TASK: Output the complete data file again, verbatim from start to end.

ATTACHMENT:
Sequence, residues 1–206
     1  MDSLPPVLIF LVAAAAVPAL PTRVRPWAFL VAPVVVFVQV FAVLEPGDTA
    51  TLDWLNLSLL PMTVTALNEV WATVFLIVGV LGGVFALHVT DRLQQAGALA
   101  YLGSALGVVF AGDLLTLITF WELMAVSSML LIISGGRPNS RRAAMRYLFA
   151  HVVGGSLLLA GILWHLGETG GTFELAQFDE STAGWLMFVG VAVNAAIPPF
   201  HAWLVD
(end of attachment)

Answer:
Sequence, residues 1–206
     1  MDSLPPVLIF LVAAAAVPAL PTRVRPWAFL VAPVVVFVQV FAVLEPGDTA
    51  TLDWLNLSLL PMTVTALNEV WATVFLIVGV LGGVFALHVT DRLQQAGALA
   101  YLGSALGVVF AGDLLTLITF WELMAVSSML LIISGGRPNS RRAAMRYLFA
   151  HVVGGSLLLA GILWHLGETG GTFELAQFDE STAGWLMFVG VAVNAAIPPF
   201  HAWLVD